- Stop asking, “What do you want to be when you grow up?”: Kids growing up today are unlikely to have a single career like their grandparents often did. Instead of narrowing their options seek to broaden their thinking. They don’t have to become something when they grow up – they can be many things!
Create Learning Organizations
- Abandon best practices: Discourage the idea of copying what others do, or thinking that the ideal routines are already in place. Focus on the principles of Lean continuous improvement – identify excellence and keep experimenting on ways to get closer to perfection.
- Establish psychological safety: To create learning organizations it is critical that employees feel confident that they can ask questions without being reprimanded. Grant notes, “psychological safety often start with leaders role-modeling humility.”
Stay Open to Rethinking
- Schedule a life checkup: All of us change in the course of our lives. Interests from a few years ago may bore you today. It is beneficial to review your values, goals, and progress in the same way you visit a doctor for an annual physical to assess your health.
I have long scheduled semi-annual goal and life assessment reviews. I suggest January 1 and July 1 for rethinking and resetting your values and goals. You can also do this every year on your birthday.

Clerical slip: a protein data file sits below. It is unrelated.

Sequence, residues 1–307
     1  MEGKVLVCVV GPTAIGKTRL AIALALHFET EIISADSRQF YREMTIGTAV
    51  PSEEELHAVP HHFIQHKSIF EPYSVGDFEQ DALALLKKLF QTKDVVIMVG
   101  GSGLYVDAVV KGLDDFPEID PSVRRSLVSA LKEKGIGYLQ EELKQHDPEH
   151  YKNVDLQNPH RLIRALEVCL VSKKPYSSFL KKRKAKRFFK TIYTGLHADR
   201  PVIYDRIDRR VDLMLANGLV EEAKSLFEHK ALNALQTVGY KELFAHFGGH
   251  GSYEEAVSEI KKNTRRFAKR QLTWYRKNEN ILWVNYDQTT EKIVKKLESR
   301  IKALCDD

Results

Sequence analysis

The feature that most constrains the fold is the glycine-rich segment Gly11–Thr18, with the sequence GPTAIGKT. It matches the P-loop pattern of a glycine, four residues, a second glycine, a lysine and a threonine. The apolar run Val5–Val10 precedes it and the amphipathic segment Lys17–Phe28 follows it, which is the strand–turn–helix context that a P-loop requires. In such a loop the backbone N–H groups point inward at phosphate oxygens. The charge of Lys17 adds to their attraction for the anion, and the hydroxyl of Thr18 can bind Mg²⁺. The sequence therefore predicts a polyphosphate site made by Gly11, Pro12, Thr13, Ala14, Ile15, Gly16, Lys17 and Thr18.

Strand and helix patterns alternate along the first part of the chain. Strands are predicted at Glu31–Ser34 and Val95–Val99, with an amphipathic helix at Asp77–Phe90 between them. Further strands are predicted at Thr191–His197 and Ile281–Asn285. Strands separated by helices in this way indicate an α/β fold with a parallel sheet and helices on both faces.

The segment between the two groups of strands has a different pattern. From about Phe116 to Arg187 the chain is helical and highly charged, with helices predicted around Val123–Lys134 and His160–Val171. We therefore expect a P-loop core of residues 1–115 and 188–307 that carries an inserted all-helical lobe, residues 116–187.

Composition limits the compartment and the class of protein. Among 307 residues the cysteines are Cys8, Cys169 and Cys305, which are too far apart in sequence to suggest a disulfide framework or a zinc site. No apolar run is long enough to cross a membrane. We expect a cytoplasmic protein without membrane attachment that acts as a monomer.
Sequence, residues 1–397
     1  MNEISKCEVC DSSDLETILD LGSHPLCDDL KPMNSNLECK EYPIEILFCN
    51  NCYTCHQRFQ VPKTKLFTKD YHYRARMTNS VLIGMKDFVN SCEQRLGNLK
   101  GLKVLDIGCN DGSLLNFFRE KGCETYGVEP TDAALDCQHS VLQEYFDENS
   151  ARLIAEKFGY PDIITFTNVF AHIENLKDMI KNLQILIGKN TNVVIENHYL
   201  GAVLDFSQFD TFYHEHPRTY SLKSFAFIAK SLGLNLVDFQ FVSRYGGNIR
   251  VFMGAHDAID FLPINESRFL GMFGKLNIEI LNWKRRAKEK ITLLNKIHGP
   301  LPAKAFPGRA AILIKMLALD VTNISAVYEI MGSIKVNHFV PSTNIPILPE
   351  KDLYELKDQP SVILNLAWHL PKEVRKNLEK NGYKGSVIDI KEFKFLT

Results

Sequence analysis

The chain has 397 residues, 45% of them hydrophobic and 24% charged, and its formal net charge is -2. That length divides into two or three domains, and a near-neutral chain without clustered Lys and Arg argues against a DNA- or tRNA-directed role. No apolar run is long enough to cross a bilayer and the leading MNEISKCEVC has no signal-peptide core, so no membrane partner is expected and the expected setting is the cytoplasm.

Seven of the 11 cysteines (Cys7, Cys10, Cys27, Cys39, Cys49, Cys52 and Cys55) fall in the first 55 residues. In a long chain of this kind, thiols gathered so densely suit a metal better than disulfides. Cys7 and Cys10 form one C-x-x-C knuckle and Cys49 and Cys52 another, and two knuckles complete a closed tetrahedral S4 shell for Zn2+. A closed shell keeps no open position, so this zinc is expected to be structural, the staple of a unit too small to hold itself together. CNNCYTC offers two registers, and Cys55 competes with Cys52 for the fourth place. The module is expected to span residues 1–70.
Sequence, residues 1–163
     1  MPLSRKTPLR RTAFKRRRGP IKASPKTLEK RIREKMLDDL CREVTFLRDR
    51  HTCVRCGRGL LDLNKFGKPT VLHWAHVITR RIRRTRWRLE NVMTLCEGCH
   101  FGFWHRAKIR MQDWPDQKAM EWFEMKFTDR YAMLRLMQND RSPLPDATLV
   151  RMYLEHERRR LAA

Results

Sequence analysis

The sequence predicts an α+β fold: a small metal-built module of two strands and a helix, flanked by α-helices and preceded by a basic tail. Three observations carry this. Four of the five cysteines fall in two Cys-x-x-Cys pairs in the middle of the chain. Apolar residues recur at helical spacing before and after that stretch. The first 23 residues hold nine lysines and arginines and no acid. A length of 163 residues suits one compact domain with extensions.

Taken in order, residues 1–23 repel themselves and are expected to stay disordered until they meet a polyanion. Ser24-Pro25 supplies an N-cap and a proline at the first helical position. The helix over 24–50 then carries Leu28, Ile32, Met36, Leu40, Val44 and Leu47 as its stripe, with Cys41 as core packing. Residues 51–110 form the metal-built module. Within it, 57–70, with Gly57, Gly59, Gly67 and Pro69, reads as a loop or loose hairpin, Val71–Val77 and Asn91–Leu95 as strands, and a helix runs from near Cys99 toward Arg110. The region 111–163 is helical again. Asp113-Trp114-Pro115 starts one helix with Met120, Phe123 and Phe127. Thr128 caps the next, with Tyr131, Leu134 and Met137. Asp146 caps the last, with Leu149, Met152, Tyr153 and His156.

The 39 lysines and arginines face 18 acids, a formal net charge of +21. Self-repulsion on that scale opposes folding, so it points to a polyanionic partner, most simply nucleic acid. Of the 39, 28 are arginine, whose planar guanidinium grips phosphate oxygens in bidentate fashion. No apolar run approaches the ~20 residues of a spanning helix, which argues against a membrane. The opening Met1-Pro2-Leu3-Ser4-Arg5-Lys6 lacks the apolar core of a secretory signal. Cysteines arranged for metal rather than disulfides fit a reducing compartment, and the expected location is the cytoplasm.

- Make time to think again: We all can get consumed with a calendar full of things we are doing. Begin adding time to your calendar for rethinking and relearning. Use this time to reach out to your challenge network (you have one, right?) to learn what ideas and opinions they think you should be reconsidering.
Rule 6 of the Personal Kaizen “10 Rules for Life” is to Learn and Grow Throughout Your Life. We believe strongly in the growth mindset principle that you can always become better or smarter through hard work.
We feel the ideas for action shared by Adam Grant in Think Again will help us all become better at how we think about and respond to the world.
Please share your thoughts about these ideas below.
I find Personal Kaizen to be very helpful and practical. As a senior manager, I am putting the tips into practice in my work and family relationships. Thank you Lean East for this innovatiive and helpful program. Bill
I just completed this book on audio. Adam Grant is a fantastic narrator. This is a great recap and reminder of the valuable information in this book! Thanks!